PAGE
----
- Sam Cooke & Bob Dylan
- American Blues & the British Invasion
- Motown & The Beatles
- Aretha Franklin & Janis Joplin (with a bit of Dusty Springfield)
- Jimi Hendrix & white rock critics (with a bit of Santana)
- The Rolling Stones & the white rock establishment
The principal theory addressed in Just Around Midnight is this: white rock artists took music from the African American blues tradition, combined it with energy of ‘50s rock and roll, learned just enough soul from gospel singers, and made it all better. As in, Hamilton does not believe this line of thinking himself, but he does believe it to be the founding tenet of white rock music as defined by the sort of artists lauded at the Rock & Roll Hall of Fame.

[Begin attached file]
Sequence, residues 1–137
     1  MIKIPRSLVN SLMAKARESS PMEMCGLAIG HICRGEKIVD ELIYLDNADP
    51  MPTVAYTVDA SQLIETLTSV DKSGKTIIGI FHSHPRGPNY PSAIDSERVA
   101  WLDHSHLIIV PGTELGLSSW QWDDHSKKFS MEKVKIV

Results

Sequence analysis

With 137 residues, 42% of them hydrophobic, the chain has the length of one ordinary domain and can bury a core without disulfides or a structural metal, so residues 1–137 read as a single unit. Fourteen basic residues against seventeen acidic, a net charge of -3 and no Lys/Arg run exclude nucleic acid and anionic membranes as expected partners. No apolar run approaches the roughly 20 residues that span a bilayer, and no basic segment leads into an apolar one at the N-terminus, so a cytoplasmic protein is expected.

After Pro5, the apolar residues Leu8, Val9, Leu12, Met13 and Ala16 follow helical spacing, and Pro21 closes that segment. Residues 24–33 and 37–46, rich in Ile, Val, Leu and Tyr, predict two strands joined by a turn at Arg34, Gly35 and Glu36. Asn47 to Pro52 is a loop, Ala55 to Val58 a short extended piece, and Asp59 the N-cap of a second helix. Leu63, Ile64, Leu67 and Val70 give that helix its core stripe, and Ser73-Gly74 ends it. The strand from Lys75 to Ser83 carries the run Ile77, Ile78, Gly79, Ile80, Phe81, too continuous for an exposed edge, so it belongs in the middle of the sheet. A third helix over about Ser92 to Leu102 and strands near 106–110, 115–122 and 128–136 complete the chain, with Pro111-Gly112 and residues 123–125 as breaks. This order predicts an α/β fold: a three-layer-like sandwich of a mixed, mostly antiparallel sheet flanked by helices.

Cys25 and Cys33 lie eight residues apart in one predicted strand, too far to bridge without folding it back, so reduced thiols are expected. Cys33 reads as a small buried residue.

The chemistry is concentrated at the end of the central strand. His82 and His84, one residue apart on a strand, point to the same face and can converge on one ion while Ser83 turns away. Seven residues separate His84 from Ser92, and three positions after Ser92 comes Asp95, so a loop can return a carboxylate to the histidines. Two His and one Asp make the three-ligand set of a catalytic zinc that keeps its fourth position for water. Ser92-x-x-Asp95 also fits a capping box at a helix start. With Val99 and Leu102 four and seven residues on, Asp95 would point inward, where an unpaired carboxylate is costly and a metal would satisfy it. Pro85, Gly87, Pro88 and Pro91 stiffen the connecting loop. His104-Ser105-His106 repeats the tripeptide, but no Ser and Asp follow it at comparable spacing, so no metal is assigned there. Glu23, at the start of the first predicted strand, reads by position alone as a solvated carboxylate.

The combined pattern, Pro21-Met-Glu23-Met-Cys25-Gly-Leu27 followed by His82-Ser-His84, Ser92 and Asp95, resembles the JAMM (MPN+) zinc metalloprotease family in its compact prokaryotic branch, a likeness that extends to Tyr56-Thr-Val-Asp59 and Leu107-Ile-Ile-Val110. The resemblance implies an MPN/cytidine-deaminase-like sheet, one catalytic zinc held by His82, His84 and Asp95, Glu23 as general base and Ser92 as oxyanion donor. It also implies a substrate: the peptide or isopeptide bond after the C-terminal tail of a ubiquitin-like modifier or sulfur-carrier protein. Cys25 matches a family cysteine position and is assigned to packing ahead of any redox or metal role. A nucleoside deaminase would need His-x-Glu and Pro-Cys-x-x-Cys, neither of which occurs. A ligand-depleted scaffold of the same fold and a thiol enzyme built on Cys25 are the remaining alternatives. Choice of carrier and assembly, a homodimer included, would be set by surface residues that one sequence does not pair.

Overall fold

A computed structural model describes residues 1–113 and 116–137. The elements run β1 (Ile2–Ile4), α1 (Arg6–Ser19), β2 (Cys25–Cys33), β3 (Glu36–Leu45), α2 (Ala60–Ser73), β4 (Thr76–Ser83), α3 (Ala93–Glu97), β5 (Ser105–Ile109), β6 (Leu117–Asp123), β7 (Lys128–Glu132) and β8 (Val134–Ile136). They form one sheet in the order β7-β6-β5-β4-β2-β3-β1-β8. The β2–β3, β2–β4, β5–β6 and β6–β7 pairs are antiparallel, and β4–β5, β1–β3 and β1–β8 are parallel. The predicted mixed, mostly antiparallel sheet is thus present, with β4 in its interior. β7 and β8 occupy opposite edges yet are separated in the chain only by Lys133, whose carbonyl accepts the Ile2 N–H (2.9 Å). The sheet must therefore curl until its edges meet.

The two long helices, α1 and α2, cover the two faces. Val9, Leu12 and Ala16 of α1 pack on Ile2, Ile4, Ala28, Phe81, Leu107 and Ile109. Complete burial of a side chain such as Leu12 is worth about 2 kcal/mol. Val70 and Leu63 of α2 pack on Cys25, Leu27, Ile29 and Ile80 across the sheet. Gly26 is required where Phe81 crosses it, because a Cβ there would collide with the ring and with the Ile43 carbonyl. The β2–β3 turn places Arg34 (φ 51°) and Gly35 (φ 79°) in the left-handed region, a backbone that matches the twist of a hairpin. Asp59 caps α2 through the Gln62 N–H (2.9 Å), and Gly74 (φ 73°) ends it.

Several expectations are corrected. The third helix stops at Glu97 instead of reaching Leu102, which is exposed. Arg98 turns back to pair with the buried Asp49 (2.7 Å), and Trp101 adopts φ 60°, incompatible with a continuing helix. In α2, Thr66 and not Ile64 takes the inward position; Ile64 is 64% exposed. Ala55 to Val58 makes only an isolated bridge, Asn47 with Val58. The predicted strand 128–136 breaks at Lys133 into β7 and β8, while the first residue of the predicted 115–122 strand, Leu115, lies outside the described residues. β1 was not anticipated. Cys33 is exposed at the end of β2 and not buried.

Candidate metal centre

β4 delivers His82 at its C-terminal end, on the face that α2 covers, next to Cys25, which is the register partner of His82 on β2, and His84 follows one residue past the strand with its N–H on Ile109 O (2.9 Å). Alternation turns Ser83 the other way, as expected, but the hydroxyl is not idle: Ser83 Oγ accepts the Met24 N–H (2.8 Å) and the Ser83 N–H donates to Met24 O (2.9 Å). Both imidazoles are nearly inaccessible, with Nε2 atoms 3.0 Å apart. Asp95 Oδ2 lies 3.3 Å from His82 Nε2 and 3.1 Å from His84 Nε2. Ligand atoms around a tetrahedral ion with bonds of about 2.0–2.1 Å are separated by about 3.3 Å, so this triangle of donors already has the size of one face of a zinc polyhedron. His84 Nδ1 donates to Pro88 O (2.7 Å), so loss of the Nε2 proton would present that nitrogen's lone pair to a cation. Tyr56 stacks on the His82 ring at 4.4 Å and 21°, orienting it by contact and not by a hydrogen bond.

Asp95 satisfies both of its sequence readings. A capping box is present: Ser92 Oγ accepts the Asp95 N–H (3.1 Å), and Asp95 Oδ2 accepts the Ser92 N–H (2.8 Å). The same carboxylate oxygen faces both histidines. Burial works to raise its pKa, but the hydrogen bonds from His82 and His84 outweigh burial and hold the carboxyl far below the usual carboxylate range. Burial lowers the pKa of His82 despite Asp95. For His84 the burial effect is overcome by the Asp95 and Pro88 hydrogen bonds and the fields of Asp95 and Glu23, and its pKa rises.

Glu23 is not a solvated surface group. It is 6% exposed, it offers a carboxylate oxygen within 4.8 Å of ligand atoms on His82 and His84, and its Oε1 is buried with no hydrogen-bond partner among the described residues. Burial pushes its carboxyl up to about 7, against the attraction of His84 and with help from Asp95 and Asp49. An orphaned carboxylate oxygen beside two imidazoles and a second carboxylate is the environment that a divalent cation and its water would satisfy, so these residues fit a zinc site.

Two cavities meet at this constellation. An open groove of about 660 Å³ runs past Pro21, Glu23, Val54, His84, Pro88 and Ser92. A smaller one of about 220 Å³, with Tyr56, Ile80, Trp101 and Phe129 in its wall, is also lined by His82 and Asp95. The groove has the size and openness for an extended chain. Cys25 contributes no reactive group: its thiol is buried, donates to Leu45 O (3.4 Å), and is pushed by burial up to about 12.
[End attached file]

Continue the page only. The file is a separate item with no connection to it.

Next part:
I’ll be the first to admit – that is a VERY pointed claim to make – but it’s backed up with ample research into press clippings, record reviews, artist profiles, chart rankings for song, and more. These are not spurious claims, and Hamilton doesn’t seem concerned with offending people as tear apart the prevailing mythology of Western rock music. He carefully does not to lay any blame at the feet of the artists he discusses (with the exception of the occasional dig at Janis for how she mythologized black sexuality), though he has no problem showcasing all the ways cultural critics (read: mostly white people in charge of popular media) dismissed African American artist while lauding white ones.